Does it matter if the poor are given a bad eduction? Christine Blower, head of the National Union of Teachers, has just been on BBC1 Sunday Politics. She’s very influential (as her £155,000 pay package suggests) especially at a time when Labour policy is aligning behind NUT policy. When confronted with figures showing how the poor achieve far worse exams results than the rich, she had this to say:-
So”that is not the failure of comprehensive education. That is because we have a monstrously unequal society.” In other words: blame the parents. Some of these pupils, she says, are in the hands of slob parents who don’t give them breakfast. “They may not have a bed in which they can sleep,” she said. We should do “everything we possibly can,” she said – by which she meant things like offer free school breakfast as well as lunch. She had nothing to say about teaching quality.
To be sure, Britain has plenty of poverty. But does that really explain the scandalous correlation between wealth and GCSE results? The below is the Graph of Doom, compiled by Chris Cook for the Financial Times. It shows everything that’s wrong with the comprehensive school system.
Why do we think the poorer kids get worse results? I’d like to bring in Neil Kinnock, who one spoke very eloquently on this point.
Kinnock was right. The poor lacked a platform for a basic education – then. And too many of them lack a platform for an excellent education now. This is the new outrage. Once, it was the goal of government to give child a basic education. But the Labour movement seems content to let things rest there. The Conservatives think differently: that the goal of our time now is that every child has the right to an excellent education. That the very notion of a ‘bog standard comprehensive’ is abhorrent, especially as parents who can afford to move into the catchment area for a better school usually do so.
I often think of the Kinnock speech when I hear someone like Blower saying that poor kids can’t be expected to do so well. These (stunning, sickening) examples of how the poor are systematically failed by our education system really does call for the kind of anger that Kinnock envinced in 1987. It was a conservative, George W Bush, who updated Kinnock’s point for the 21st century. “Some say it is unfair to hold disadvantaged children to rigorous standards,” he said in 13 years ago. ” I say it is discrimination to require anything less–-the soft bigotry of low expectations”.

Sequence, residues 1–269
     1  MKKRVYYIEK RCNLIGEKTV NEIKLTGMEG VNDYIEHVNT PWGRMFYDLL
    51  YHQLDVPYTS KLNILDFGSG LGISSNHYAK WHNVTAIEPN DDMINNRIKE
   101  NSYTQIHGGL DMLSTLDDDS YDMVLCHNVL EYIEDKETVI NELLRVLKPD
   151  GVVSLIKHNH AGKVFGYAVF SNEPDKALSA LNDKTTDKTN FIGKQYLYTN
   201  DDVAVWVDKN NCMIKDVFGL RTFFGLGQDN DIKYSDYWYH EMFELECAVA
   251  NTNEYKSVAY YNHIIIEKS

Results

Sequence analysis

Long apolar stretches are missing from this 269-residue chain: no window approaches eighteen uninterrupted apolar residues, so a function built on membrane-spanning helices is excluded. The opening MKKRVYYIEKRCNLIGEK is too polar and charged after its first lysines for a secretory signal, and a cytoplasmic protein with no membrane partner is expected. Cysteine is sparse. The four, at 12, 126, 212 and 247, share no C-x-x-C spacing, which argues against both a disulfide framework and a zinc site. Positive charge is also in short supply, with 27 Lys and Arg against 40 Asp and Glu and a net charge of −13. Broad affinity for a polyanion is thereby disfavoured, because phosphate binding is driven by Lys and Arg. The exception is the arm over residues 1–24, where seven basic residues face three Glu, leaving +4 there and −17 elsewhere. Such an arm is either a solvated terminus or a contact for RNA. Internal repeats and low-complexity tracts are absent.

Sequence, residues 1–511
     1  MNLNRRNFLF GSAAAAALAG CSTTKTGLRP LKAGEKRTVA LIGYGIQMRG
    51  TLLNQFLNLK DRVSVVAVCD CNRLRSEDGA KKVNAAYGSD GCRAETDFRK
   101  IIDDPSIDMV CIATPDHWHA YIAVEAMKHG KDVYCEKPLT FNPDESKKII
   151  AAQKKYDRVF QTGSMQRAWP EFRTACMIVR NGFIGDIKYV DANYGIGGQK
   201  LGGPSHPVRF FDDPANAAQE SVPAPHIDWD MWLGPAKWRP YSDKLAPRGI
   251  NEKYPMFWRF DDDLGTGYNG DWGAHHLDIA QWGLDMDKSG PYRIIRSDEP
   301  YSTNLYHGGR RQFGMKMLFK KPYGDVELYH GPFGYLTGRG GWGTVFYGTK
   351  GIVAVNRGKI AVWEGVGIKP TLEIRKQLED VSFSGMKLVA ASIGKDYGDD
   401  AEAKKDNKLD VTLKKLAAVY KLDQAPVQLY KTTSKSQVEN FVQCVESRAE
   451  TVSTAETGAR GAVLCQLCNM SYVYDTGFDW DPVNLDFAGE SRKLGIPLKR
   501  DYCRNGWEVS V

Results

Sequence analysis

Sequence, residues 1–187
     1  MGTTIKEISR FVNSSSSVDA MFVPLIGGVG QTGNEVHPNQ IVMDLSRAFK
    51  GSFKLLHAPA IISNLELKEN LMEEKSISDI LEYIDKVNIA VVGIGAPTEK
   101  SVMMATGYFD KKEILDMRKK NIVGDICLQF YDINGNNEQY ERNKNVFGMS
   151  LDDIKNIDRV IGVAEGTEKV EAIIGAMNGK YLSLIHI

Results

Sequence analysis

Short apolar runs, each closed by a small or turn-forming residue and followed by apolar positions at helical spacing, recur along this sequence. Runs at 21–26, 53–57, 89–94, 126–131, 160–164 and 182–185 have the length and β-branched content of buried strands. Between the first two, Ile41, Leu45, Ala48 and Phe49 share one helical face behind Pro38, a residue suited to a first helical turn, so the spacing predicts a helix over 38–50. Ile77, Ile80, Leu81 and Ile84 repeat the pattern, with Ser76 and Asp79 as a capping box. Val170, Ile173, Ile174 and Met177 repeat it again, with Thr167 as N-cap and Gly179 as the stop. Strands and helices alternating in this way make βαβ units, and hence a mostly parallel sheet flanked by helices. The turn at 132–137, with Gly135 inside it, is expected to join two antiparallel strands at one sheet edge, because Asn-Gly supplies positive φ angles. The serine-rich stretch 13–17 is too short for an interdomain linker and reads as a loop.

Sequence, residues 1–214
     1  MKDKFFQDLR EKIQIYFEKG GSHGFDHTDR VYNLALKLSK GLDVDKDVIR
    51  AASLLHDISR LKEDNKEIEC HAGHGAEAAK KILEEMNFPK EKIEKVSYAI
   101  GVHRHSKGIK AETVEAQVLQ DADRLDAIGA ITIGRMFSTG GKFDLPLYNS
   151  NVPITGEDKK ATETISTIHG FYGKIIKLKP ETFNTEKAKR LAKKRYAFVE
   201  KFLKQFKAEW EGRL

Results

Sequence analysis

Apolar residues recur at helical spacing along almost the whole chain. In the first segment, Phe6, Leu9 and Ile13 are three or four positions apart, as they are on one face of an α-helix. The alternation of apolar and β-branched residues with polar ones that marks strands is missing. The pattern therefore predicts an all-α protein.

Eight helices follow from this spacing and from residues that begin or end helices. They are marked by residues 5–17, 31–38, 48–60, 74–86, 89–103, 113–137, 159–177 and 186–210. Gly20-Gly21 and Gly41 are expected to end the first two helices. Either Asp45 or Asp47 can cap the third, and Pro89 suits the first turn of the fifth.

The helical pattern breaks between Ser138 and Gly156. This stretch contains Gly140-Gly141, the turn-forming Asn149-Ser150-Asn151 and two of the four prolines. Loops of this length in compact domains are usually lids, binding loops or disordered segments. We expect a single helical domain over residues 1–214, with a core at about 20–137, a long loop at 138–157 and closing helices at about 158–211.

This is what separates British left and right now. The left, in its post-Blair phase, no longer very worked up about the poor doing badly at school. (“It may matter or it may not,” Blower said about poor children going to top universities). The standard left response is to talk philosophically about inequality in society, as if this has the slightest bearing on whether the sink schools ought to be tolerated in this day and age.
By contrast, the right are hopping mad about educational inequality. When the subject is raised in front of Michael Gove, it’s like flicking a switch. He blows his top. When I last interviewed him and raised the subject about whether it poor kids should be expected to do as well as rich, he replied in a crescendo of anger. Here’s the end of it:-
It is snobbery to say that working class people cannot achieve in the same way as others and I’ve had it up to here with people saying oh don’t expect too much of them, these are high-falutin’ expectations. In 1940 the average number of books that a working class boy would read is six every month, 72 a year, working class boys. When I said we should have 50 books being read a year people said: that’s outrageous. The truth is that we’ve lost the level of expectation that we used to have about what people were capable of achieving. They don’t have attitudes like that in East Asia or South Korea. No one is going to say in South Korea, ‘what dreadful snobbery that you go to university’. The last person who said it was dreadful snobbery to go to university was Rick Santorum in America and we regarded that as a view of the Rampithecan right, like the Scopes Trial all over again. The truth is that more people should go to elite universities and if you look at these schools where the expectations that it’s snobbish, don’t get above yourself – no!’
Gove makes precisely the same point as Kinnock. Those people “who could sing and play and recite and write poetry” also read books – then. Why should we not expect them to now?
The difference between left and right, now, is that you will seldom hear a left-winger getting Kinnock-style (or Gove-style) angry about educational inequality. The right are so angry about educational inequality that they want to tear up the whole system. Now that Labour takes 80pc of its funds from the union, it seems to be on the side of the system, no longer on the side of those failed by the system. As I argued in the Telegraph on Friday, the Conservatives can now claim to become the party of the working class.Tags: Christine Blower, Michael Gove, Neil Kinnock, NUT, school reform, Sunday Politics